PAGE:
Tangent Reviews

Danger Music, by Stepan Chapman

from Tangent #17, Winter 1996

Has this ever happened to you? You see a painting that you admire and set off to find the artist at the next big Arts and Craft Show. But when you get to the booth, you see dozens of works, elbow to elbow, jostling one another with a style so powerful that no one individual piece stands out and declares itself. You feel vaguely disappointed to not find anything you like, because there's obviously talent on display, but still, you walk away without purchasing anything, wondering what exactly went wrong.

Stepan Chapman writes short, intense, fabulations. They're called "Fables" on the cover, but they actually encompass tall tales, bar stories, myths, harangues; devices by a clever storyteller who desperately and directly wants our ear. No characters here to identify with and dilute the message, no careful creation of the artificialities of plot. Just an author/narrator grabbing our collars and hauling on our sleeves so that we do not turn away from his outrage over the horrors of our world. They include auto detailers, the EPA, capitalism, the atomic bomb, humanity itself. For these "Fables" are stories about the follies of humankind, not cautionary pieces exactly, but the voice of despair wailed by someone who has looked upon his own kind too long and too well.

Tellers of fables have always had a jaundiced view of their fellow beings. What are the tales of an Aesop or a Grimm brother but cynical glimpses of a world in which trickery and deceit are the prime values and the redeeming features few? That's also their weakness. Fables quickly become repetitive, no matter how varied the subject. And without an understanding of what the author approves of, what he celebrates, who he feels does right, the tales are simply unsatisfying; half of a portrait instead of a whole.

Anyway, I can only offer the unhelpful advice that the pieces I liked best were the ones that came closest to having real people in them, drew nearest to being true stories, or extended the finest visions and imagery. Nema, the ghost of a Japanese fishing town, "The Sister City" to Nagasaki and Hiroshima, was a dazzling concept. Rather than wallow in its despairing view of human nature, "The Sick Ox and the Stairways of Causation" balanced its starkness with uplift and understanding. "The Hermit and the Fallen Sky" had the clarity of hallucination along with a rare closing line that snapped the story shut. And the (Kafkaesque, dare I say) "Prison of Sod" offers a chilling look at the emptiness of life, or is it a look inside the brain of someone who lives so vividly in the land of despair?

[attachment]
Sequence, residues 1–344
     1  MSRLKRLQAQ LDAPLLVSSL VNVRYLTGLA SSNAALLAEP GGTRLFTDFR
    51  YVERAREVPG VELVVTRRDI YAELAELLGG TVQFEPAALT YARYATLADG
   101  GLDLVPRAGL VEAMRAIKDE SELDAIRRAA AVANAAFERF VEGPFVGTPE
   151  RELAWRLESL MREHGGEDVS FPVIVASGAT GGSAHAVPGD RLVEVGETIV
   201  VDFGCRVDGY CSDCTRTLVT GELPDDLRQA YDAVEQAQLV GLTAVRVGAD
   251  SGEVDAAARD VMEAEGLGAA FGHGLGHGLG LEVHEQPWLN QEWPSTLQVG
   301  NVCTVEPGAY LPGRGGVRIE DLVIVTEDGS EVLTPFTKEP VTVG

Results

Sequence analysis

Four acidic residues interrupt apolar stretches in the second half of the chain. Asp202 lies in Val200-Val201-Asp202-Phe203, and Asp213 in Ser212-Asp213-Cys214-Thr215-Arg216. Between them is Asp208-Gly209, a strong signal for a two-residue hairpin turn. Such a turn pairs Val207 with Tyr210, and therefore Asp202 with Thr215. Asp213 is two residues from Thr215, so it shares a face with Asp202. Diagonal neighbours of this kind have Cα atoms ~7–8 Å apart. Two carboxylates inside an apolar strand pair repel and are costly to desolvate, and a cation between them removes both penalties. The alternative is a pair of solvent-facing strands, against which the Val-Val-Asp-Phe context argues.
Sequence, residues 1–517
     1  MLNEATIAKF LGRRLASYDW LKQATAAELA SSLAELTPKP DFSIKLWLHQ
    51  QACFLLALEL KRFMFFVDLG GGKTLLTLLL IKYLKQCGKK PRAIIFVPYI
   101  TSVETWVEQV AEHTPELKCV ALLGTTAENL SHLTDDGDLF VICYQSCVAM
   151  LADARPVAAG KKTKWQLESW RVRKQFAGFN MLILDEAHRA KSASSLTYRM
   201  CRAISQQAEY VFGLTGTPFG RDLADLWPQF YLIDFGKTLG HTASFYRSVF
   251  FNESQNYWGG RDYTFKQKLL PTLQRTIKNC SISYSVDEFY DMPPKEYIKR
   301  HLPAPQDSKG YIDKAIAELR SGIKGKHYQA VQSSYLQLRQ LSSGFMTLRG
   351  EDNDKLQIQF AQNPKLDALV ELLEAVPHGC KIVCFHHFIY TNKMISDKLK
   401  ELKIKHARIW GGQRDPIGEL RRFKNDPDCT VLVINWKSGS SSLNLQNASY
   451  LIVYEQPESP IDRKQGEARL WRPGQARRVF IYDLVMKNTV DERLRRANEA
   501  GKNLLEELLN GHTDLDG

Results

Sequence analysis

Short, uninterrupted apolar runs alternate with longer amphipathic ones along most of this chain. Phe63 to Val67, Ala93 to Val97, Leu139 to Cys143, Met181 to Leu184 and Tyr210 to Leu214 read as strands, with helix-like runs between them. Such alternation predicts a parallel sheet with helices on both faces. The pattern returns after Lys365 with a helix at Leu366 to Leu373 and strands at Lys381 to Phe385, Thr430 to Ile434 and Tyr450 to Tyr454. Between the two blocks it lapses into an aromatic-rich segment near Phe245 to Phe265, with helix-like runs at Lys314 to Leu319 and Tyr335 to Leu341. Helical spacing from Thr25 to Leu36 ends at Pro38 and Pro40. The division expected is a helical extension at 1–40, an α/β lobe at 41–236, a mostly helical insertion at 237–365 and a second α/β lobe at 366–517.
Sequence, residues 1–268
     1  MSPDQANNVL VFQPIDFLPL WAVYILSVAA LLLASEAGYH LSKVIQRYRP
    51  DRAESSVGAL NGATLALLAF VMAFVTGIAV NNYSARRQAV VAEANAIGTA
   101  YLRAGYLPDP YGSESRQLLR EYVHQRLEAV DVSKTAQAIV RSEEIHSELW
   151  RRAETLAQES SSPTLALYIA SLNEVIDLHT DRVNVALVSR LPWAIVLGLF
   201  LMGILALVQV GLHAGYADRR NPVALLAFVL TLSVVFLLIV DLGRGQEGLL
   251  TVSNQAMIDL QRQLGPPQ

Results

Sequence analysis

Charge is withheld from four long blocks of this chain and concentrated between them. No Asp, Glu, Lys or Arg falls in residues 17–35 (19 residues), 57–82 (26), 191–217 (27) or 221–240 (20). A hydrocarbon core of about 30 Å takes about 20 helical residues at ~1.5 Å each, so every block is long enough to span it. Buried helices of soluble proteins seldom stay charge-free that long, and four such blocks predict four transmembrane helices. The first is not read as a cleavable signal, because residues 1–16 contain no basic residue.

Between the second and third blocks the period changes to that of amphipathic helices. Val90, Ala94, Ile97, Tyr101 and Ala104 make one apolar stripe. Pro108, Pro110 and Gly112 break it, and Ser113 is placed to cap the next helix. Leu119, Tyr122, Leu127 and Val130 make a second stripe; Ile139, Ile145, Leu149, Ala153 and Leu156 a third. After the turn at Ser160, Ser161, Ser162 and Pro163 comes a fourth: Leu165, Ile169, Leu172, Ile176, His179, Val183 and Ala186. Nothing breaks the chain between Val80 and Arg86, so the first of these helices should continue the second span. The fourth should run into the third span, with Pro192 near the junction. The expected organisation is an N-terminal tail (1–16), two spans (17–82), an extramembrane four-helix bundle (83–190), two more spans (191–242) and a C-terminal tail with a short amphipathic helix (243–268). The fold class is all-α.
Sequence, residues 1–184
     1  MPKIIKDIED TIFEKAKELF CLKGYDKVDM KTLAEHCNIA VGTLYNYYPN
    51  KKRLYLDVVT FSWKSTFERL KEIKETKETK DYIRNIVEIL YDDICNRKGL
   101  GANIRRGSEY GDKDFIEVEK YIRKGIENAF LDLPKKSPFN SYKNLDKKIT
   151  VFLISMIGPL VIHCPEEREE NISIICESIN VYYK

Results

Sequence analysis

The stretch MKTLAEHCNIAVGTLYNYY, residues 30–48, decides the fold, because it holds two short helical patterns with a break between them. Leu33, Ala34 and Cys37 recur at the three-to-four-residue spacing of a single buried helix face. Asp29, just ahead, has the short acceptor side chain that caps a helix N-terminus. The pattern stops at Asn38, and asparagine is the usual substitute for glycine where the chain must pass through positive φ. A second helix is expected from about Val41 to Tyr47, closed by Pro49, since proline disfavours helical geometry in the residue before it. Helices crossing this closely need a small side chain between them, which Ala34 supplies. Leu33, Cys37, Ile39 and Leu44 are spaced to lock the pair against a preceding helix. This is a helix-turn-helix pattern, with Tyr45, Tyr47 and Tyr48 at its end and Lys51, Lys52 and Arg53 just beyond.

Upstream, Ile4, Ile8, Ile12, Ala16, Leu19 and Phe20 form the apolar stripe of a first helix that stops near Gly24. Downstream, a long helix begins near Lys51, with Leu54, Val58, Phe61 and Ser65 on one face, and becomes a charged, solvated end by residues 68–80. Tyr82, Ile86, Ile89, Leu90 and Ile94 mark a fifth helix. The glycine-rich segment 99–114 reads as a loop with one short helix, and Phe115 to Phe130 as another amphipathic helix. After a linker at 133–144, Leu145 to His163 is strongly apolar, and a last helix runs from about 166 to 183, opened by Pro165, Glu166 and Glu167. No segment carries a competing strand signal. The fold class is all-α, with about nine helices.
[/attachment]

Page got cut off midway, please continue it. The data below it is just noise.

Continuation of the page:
Half of these short works (all are under 1500 words) have been published before, in magazines in and out of the sf field. I would bet that they work far the better in isolation, for Chapman is a writer of talent, with a style and worldview that is his own. But by placing his stories edge to edge, this chapbook highlights his weaknesses better than his strengths. It's an ironic reward, but then, what else would such a writer as Chapman expect?

Copyright 1996 by Steve Carper

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